Ms. Ruby-throated Hummingbird does it all!
by Juanita N. Baker, Ph.D.
How exciting to spot a Ruby-throated Hummingbird flying into the tree, then find its tiny nest in the making on a branch overhanging the water. Then return week after week to see the full nesting/developmental process. Alice Horst captured it all!
Ruby-throated Hummingbirds do not form mating bonds. The males know their role well…in the spring, arriving at their breeding area, they establish a territory. His spectacular gorget (brilliantly ruby-red throat patch with narrow velvety black border) and its shiny green iridescent feathers are there for courtship displays. With humming tail feathers, he dives on either side of the female to attract her. If she then perches, this signals the male to continue rapid arcs before her to instantly attract her. She gives a beckoning call and adopts a ‘welcoming’ cocked tail-bowing posture, and he proceeds to mate. Then in these 10 minutes, his parenting role is complete, and off he goes to lure another female to mate.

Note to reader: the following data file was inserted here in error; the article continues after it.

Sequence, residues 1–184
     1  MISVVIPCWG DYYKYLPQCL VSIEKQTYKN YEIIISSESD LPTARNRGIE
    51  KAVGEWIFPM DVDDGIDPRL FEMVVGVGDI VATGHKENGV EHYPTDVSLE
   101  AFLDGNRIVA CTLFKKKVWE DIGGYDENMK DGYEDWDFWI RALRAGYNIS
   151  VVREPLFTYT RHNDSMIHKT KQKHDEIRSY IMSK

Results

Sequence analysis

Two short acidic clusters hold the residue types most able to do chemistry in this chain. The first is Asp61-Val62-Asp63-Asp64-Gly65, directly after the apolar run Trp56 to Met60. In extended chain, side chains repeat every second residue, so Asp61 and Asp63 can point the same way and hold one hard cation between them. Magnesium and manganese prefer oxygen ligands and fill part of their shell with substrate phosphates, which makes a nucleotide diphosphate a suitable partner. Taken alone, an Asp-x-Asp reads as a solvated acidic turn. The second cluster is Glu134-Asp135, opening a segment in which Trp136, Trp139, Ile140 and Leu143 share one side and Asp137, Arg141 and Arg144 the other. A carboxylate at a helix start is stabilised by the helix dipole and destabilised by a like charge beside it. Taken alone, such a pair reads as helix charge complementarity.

Alone, the female does all the parenting, starting with nest-building in a deciduous tree. The tiny nest (don’t be deceived by the photos—the nest is just about an inch wide! Golf ball size!) is anchored securely around a curving branch with spider webs from 10-40 feet above the ground. Alice Horst’s careful documentation shows that, evidently, Ms. Hummingbird began building the nest at the end of March. She wove abundant green lichen on the outside and edged one side with red lichen – a touch of decoration? Nest building may take two weeks, or more as 4/8/22 does not look as complete as the future nest. But had she already laid two eggs and had begun incubating them? Usually, it takes two weeks to incubate the eggs.
Alice returned three weeks later to find a hatchling, and two days later, large fledglings barely fitting in the nest together. Hatchlings are born with naked skin before hairlike pinfeathers begin to grow. Their eyes open at about nine days old, when the female stops brooding (keeping the nestlings warm, covering them with her body). They begin to stretch their wings at 15 days old and fledge in the next 3-5 days. While adults feed mainly on nectar sources, the fledglings require that their mother provides them with insects that are high in protein.
In spring, returning from migration, female Hummingbirds do choose to reuse nests after refurbishing them. Females will often have a second brood in the same year. The abandoned nest awaits.